The following examples illustrate various iterations of the invention.
A PCR assay was used to screen 47 of the potential candidate detergents for their ability to stabilize Taq DNA polymerase. The final concentration of each detergent tested was 5%, 0.5%, 0.05%, 0.005%, or 0.0005%. A forward primer (5′-TGGATACCCGTCGTGGCTCTAATT-3′; SEQ ID No:1) and a reverse primer (5′-CTTCTTTCGTCCCCGTCAGGCTGA-3′; SEQ ID No:2) were designed to amplify a 500 bp fragment of lambda DNA. Each 10 μl reaction contained:
1 μl 10×PCR Buffer
0.2 μl 10 mM dNTPs
1 μl 10 μM Forward Primer
1 μl 10 μM Reverse Primer
1 μl ˜5 ng/μl lambda DNA
1 μl 10× detergent (50%, 5%, 0.5%, 0.05%, 0.005%)
4.7 μl dH2O
0.1 μl 5 Units/μl Taq DNA polymerase
The cycling parameters were 94° C. for 15 min and 30 cycles of 94° C. for 30 sec and 70° C. for 30 sec, and a 4° C. hold. For each series of detergents tested, positive control reactions comprising 0.0005% Tween 20 were included, as well as negative control reactions without any detergent. An aliquot of each reaction was resolved by agarose gel electrophoresis. A representative gel is shown in
These screening reactions revealed that the following detergents supported PCR: 3-[(3-cholamidopropyl) dimethylammonio]-1-propanesulfonate hydrate (CHAPS), 3-([3-cholamidopropyl]dimethylammonio)-2-hydroxy-1-propanesulfonate (CHAPSO), poly(ethylene glycol)4-nonphenyl 3-sulfopropyl ether potassium salt; poly(ethylene glycol) monolaurate; polyoxyethylene(150)dinonylphenyl ether (Igepal® DM-970); and nonyl nonoxynol-15 phosphate (Rhodafac RM710).
The long-term stability of Taq formulated with either Tween 20, an anionic detergent, or a zwitterionic detergent was compared in the presence of two concentrations of DTT. Taq was formulated with 0.01% or 0.1% Tween 20, 0.1% or 1% poly(ethylene glycol) 4-nonylphenyl 3 sulfopropyl ether potassium salt, or 1% CHAPS. Each formulation was stored in the presence of 0.02 mM DTT or 0.2 mM DTT at 25° C. for periods of time ranging from 6 days to 40 days. The calculated corresponding periods for storage at −20° C. ranged from about 1.5 years to about 10 years (see
An aliquot of each reaction was resolved by agarose gel electrophoresis. Representative gel images are shown in
The efficiency of amplification by Taq DNA polymerase in the presence of Tween 20 or the anionic detergent, poly (ethylene glycol) 4-nonylphenyl 3 sulfopropyl ether potassium salt, was compared using SYBR Green quantitative real-time PCR (qPCR) to amplify four different fragments in Msel-digested or intact human genomic DNA. Primers used to amplify 14-3-3, CD14F, HOXA2, and PGK1 are presented in Table 1. Each reaction comprised 1× Jumpstart Taq Ready mix (Sigma Aldrich, St. Louis, Mo.) formulated with Tween 20 or poly (ethylene glycol) 4-nonylphenyl 3 sulfopropyl ether potassium salt, 1×ROX (reference dye), 0.8×SYBR green, 0.4 μM primers. The template was serially diluted such that reactions contained 25 ng, 2.5 ng, or 0.25 ng of intact DNA or 400 ng, 40 ng, of 4 ng of digested DNA. The cycling profile was 95° C. for 3 min, 35 cycles of 95° C. for 30 sec, 55° C. for 60 sec, and 72° C. for 120 sec.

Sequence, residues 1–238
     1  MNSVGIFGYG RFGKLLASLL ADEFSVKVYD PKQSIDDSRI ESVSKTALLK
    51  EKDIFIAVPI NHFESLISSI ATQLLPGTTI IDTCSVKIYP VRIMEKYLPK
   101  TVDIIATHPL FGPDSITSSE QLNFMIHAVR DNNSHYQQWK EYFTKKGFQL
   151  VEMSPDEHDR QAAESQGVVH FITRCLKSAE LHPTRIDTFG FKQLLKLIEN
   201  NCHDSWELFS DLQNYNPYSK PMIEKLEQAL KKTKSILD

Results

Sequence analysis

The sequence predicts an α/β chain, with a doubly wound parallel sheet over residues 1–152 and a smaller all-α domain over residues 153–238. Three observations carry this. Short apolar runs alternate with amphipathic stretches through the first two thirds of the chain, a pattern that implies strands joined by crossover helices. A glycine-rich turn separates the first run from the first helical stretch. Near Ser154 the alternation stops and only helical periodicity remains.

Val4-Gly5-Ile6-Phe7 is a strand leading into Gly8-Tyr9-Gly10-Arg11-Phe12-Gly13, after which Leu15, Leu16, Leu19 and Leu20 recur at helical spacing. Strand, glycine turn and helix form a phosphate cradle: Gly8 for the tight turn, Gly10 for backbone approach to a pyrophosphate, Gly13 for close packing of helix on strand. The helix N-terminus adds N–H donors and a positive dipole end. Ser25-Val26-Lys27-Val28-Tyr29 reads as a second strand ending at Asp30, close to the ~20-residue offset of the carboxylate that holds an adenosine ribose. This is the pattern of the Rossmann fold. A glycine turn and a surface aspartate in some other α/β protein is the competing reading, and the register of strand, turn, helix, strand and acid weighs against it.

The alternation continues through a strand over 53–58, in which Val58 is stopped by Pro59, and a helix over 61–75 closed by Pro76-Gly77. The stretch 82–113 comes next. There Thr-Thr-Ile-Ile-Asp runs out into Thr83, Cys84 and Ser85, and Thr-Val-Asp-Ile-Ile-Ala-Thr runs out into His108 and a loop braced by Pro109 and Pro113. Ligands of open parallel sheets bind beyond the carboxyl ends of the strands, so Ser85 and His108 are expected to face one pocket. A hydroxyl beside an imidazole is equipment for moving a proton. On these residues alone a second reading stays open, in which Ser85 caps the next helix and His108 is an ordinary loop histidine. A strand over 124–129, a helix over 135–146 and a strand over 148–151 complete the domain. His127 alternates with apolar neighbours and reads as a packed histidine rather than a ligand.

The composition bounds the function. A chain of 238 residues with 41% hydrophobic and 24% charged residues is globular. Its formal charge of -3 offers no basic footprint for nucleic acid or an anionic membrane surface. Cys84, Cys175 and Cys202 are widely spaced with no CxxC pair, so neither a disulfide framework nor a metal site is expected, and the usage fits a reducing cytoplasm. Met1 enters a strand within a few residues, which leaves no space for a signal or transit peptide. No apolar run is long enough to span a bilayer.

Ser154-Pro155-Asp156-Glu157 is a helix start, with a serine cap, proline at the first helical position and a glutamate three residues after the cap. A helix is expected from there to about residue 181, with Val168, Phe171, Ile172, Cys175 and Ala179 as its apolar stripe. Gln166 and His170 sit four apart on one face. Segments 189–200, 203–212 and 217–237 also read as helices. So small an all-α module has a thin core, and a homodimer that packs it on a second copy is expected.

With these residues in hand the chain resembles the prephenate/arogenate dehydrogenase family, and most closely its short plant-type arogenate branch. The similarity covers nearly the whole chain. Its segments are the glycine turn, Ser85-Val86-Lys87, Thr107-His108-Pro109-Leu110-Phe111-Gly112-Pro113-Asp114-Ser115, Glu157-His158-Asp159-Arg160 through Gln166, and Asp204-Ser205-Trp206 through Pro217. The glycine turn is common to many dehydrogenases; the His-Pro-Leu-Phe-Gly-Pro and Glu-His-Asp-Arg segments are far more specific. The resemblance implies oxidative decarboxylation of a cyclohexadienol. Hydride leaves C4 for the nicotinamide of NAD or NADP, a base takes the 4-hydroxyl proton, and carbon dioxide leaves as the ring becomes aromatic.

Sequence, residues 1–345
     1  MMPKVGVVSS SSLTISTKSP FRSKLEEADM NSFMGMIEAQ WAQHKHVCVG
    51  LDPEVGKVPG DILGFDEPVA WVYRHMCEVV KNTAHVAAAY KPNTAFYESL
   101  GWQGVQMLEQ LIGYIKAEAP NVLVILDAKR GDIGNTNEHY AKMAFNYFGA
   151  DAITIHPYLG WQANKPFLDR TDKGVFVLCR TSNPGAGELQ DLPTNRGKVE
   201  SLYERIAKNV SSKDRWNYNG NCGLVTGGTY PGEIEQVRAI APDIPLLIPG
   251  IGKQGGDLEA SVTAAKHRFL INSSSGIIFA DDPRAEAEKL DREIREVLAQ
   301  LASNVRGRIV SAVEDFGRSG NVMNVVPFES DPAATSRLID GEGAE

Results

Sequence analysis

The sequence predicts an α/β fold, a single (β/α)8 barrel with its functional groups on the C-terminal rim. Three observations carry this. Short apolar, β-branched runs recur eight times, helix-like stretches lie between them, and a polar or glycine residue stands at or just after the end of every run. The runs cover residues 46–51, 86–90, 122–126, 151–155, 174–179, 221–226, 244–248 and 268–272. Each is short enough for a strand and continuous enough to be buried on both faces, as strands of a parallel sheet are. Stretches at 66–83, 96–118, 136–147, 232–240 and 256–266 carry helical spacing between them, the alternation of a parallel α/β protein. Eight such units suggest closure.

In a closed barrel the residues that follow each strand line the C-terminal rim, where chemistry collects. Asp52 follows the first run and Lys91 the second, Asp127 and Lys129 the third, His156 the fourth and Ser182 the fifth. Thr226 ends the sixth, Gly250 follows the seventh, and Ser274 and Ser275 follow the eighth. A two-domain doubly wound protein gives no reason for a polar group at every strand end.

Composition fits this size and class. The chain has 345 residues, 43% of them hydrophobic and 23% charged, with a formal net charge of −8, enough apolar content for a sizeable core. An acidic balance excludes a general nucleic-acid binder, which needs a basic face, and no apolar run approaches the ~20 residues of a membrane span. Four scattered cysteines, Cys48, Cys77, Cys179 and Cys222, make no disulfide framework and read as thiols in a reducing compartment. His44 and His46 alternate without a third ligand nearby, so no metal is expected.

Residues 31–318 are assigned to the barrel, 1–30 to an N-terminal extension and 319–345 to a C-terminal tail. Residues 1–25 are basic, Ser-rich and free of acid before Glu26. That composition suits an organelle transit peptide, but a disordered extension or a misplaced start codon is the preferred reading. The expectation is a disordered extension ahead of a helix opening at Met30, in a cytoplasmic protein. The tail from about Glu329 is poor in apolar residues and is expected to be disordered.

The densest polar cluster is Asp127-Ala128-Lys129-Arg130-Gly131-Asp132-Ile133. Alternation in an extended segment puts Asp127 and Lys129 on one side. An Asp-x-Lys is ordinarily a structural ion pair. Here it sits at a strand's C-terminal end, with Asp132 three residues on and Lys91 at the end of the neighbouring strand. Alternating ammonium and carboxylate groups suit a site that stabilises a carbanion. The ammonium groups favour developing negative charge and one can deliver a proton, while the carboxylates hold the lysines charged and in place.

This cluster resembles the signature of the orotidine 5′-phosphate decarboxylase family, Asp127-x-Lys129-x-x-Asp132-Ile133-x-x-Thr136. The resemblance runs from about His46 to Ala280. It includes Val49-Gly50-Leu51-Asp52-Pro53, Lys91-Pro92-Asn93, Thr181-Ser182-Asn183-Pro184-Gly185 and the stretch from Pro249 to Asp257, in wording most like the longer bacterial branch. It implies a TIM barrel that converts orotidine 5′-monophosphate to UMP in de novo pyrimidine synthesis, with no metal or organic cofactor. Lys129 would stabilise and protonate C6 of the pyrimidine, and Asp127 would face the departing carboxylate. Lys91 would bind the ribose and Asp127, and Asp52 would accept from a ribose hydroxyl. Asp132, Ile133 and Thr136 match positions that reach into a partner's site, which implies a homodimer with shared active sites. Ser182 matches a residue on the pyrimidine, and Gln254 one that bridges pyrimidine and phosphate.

Table 2 presents the Ct values (which is the cycle that the fluorescence exceeds a defined threshold value) for each amplified product using the different templates. The ‘no template’ control reactions (for every primer pair) produced no amplicons. In general, the addition of the anionic detergent (poly (ethylene glycol) 4-nonylphenyl 3-sulfopropyl ether potassium salt) yielded lower Ct values at higher dilutions than the Tween 20-containing amplification mixes.
The efficiency of amplification was derived from the slopes of the serially diluted template amplification plots (dilutional efficiency), and the percent efficiency is also presented in Table 2. For each amplicon, the anionic surfactant formulation had a higher efficiency than the corresponding Tween 20 formulation. Of the three amplicons for which efficiencies could be calculated for both detergent formulations, the anionic surfactant samples had an average of 67.3% and 84.7% efficiency for the digested and intact templates, respectively, whereas the Tween 20 samples had an average of 43.7% and 31% efficiency for the digested and intact templates, respectively.
Individual reaction efficiencies were calculated in an effort to explore the nature of the dilutional efficiency effects. Reaction efficiencies were calculated using the fold fluorescence change of each reaction using the fluorescence measurement of the cycles immediately following the Ct (efficiency=sum(Fc/Fc-1)n/2n where Fc is the fluorescence at cycle c, Fc-1 is the fluorescence at cycle c-1 and n is the number of cycle ratios used. When possible, three cycle ratios were used to calculate the reaction efficiency. As shown in Table 3, the percent of amplification efficiency was independent of formulation and initial template concentration. These data suggest that the efficiency depended upon the initial priming and/or primer extension. That is, reactions with lower amounts of template were less efficiently primed or initiated in the presence of Tween 20 than in the presence of the anionic surfactant. Once the amplification process began, however, the reaction efficiencies were detergent independent.
To determine whether amplification in the presence of the anionic detergent, poly (ethylene glycol) 4-nonylphenyl 3-sulfopropyl ether potassium salt, produced less non-specific products, formulations comprising Tween 20 were compared to an anionic detergent formulation. Primers (see Table 4) were designed to amplify a 352 by fragment (BsrGIO) and a 360 by fragment (SacIO) in human genomic DNA. The reactions (50 μl) contained 0.5 pg HEK293 genomic DNA, 50 μmol primers, 1×PCR Buffer, 0.2 mM dNTPs, 0.05 U/μL Taq, and 4% DMSO. Thermocycling parameters were 94° C. for 2 min, 30 cycles of 94° C. for 20 sec, 58° C. for 30 sec, and 72° C. for 80 sec, a final extension at 72° C. for 10 min, and a 4° C. hold.
Aliquots of each sample were run on an agarose gel (